Date of Award


Document Type


Degree Name

Doctor of Philosophy in Aviation Sciences



First Advisor

John Deaton

Second Advisor

Deborah Carstens

Third Advisor

Brooke Wheeler


The purpose of the study was to observe passengers’ perceptions about brand experience research in the airline industry by applying a transcendental or descriptive phenomenological methodology designed to evaluate interview transcriptions and organize derived knowledge into defined themes. The NVivo program was utilized to analyze data from textual transcriptions. The experiences of passengers of the Big Three United States legacy carriers, including American Airlines, Delta Air Lines, and United Airlines, were described. The participants comprised three couples and seven individuals, all frequent-flyer members of the Big Three carriers and their partnering global airline alliances. The researcher-constructed instrument was used for in-depth interviews and data collection while the qualitative rigors ensured trustworthiness. The findings are purposeful guides for airline managers to help identify customer preferences and maintain lasting relationships. In legacy carriers, long known as full-service airlines, customer expectations are higher than for those in newer business models like the low-cost and ultra-low-cost carriers. Three significant findings were related to airline brand experiences (ABEs), loyal members, and customer retention behavior. First, ABE concepts play a decisive role in implementing excellent airline service based on customers’ perceptions. Positive attributes of brand images transfer into brand loyalty, and in turn, improve business performance; in contrast, poor communication negatively impacts passengers during adverse customer service matters. Successful problem-solving, vital for management in attaining trust and in helping customers overlook mishandlings, leads to satisfied customers. Second, member benefits of Frequent-Flyer Programs, which are commitments between providers and members, motivate repeated passengers; hence, in the passengers’ views, rewards must be worth the efforts to continue being loyal. Last, convenient locations or hubs, reward programs, airline reputations, customer expectations, and customer relations are critical concepts established to develop and retain buying behaviors, also known as customer retention in the current study.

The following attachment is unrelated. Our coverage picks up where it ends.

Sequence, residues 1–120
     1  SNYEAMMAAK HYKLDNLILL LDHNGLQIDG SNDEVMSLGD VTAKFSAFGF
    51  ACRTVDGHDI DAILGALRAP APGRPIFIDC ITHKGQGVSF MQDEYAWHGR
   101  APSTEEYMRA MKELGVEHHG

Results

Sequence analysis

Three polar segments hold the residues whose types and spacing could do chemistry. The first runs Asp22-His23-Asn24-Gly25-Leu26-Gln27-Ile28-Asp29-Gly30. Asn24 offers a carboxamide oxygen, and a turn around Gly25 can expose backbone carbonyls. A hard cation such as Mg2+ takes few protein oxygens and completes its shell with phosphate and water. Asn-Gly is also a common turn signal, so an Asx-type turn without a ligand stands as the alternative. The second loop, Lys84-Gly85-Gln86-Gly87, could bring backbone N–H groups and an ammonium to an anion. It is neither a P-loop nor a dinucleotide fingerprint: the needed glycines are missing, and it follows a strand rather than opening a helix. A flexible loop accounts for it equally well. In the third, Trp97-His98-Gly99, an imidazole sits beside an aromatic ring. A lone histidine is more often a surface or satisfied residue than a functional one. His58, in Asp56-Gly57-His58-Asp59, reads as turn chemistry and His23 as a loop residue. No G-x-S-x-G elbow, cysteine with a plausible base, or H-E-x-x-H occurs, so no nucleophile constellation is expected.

Copyright held by author.

Included in

Aviation Commons